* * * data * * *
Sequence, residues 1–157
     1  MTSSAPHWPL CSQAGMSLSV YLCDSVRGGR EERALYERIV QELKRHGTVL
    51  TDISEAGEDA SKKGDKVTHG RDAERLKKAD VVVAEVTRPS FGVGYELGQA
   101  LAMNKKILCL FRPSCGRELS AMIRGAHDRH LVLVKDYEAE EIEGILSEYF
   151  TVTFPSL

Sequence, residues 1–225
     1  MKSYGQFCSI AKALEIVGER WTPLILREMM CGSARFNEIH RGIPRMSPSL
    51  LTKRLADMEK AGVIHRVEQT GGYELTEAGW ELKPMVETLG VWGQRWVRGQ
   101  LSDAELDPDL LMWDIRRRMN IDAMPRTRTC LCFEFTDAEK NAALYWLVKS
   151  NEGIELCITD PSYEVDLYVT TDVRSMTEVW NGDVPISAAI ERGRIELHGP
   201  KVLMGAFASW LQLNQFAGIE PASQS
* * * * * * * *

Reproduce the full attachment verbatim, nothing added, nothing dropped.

Sequence, residues 1–157
     1  MTSSAPHWPL CSQAGMSLSV YLCDSVRGGR EERALYERIV QELKRHGTVL
    51  TDISEAGEDA SKKGDKVTHG RDAERLKKAD VVVAEVTRPS FGVGYELGQA
   101  LAMNKKILCL FRPSCGRELS AMIRGAHDRH LVLVKDYEAE EIEGILSEYF
   151  TVTFPSL

Sequence, residues 1–225
     1  MKSYGQFCSI AKALEIVGER WTPLILREMM CGSARFNEIH RGIPRMSPSL
    51  LTKRLADMEK AGVIHRVEQT GGYELTEAGW ELKPMVETLG VWGQRWVRGQ
   101  LSDAELDPDL LMWDIRRRMN IDAMPRTRTC LCFEFTDAEK NAALYWLVKS
   151  NEGIELCITD PSYEVDLYVT TDVRSMTEVW NGDVPISAAI ERGRIELHGP
   201  KVLMGAFASW LQLNQFAGIE PASQS